London: Kenny & Co., 1888. First edition. Two parts in one, collating 20; 42, : complete with two folding plates bound in at rear. Recent marbled wrappers with title to front. Faint soiling to title and small chip to outer corner of final plate, but in all an extremely pleasing copy. A scarce work on early childhood education and development, OCLC reports 6 institutional copies (3 of these in the U.S.), with this being the only copy on the market.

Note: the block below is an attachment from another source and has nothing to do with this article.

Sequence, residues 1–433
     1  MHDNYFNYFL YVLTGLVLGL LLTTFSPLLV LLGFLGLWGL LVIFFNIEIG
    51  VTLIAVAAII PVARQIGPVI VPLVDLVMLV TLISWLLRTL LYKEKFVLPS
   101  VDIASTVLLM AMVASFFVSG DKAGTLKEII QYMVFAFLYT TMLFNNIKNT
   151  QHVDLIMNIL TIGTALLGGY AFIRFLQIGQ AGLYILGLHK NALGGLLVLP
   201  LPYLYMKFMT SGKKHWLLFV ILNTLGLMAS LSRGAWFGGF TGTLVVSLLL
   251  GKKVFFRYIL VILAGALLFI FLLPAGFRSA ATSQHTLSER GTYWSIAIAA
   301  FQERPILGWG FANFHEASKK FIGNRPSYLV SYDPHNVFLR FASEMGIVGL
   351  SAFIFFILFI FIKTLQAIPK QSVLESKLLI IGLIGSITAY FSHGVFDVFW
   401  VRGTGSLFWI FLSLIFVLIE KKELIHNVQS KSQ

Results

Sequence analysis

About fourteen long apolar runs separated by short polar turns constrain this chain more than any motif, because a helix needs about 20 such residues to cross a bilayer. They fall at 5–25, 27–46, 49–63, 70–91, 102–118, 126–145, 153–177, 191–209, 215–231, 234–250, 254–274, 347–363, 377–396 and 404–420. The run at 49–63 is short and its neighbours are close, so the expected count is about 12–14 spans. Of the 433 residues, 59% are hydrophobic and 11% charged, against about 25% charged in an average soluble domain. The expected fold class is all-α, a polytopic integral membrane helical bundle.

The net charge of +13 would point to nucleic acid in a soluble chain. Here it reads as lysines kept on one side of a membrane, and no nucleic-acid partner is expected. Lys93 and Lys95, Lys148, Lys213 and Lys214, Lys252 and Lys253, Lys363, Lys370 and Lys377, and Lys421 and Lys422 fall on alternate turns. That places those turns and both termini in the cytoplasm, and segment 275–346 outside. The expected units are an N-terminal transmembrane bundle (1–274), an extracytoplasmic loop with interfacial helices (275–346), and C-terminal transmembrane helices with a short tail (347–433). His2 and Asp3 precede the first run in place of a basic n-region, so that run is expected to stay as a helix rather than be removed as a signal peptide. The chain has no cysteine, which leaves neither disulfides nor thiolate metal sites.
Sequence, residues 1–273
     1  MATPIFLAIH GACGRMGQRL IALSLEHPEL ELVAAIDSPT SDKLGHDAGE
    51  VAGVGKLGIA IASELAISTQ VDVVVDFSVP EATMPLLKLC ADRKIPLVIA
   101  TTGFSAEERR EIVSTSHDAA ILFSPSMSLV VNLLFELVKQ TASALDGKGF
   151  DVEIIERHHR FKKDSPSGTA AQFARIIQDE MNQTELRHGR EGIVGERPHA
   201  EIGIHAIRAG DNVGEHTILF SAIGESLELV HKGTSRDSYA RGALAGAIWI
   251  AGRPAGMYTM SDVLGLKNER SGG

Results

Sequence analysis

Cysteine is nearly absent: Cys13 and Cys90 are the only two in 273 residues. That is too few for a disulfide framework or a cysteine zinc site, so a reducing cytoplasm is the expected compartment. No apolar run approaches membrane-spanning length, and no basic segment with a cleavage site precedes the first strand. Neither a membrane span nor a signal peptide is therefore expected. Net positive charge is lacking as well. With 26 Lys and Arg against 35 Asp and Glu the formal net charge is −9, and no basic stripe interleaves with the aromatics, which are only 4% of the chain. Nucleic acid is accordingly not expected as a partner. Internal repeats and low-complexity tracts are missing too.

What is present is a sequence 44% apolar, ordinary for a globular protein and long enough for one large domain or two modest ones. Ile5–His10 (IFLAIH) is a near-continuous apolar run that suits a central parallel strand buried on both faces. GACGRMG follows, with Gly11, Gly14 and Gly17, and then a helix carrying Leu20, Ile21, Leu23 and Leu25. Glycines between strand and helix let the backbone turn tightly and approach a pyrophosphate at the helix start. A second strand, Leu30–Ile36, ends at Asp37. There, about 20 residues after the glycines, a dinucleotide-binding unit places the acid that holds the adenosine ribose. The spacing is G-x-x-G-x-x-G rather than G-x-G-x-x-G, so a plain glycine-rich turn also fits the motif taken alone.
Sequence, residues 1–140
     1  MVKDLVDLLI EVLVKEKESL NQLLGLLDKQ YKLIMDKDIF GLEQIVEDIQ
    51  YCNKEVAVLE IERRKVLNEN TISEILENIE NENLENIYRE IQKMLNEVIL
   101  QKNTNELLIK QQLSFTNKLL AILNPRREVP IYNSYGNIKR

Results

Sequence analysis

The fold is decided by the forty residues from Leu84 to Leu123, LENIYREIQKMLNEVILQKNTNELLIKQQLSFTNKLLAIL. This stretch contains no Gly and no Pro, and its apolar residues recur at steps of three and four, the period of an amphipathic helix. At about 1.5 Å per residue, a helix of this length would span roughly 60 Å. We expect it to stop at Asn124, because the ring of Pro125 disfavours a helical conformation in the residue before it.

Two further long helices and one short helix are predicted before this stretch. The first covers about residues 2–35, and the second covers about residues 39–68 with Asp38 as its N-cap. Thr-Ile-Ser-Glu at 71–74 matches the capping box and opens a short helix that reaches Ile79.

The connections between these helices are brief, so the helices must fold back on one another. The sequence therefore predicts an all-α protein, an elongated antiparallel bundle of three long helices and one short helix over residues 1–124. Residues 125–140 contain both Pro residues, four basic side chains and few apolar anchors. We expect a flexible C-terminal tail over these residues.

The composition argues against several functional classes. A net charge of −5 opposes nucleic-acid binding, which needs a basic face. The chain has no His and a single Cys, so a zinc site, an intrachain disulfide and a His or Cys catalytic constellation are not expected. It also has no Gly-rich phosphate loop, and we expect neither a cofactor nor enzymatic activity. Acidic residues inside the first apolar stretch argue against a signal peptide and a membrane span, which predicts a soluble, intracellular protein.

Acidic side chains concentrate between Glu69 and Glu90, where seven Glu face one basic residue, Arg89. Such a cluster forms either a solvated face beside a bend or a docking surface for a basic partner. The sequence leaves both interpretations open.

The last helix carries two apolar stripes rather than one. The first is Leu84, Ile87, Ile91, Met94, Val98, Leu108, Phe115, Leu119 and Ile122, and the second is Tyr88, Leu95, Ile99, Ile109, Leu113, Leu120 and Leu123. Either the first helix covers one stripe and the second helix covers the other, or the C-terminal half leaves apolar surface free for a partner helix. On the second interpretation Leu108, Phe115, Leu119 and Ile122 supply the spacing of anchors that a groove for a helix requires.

Instrumental in promoting the kindergarten movement in the United States, Emma Marwedel was a believer in the Pestalozzi whole-child methods of early education. Early in her career, she served as the director of the Girls' Industrial School in Hamburg, Germany (186701868), as well as conducting a kindergarten. "Her work made a deep impression on the visiting Elizabeth Palmer Peabody" and would lead to a long term partnership between the two, as Marwedel sought to open kindergartens and develop kindergarten teacher training in New York and California (Britannica). The present work opens with instructions to guide mothers in the use of games and physical activities that will encourage their infants to expand in curiosity and develop their intellectual capacities through play; the second part, in continuation, provides a guide to using diagrams that teach form and color to young children. Though Marwedel struggled to gain sufficient funding and interest in her own lifetime to maintain the schools she sought to establish, she was integral to bringing Froebel and Pestalozzi's ideas on childhood development to the U.S. and shaped progressive views on the intellectual and creative capacities of children. (Item #4037)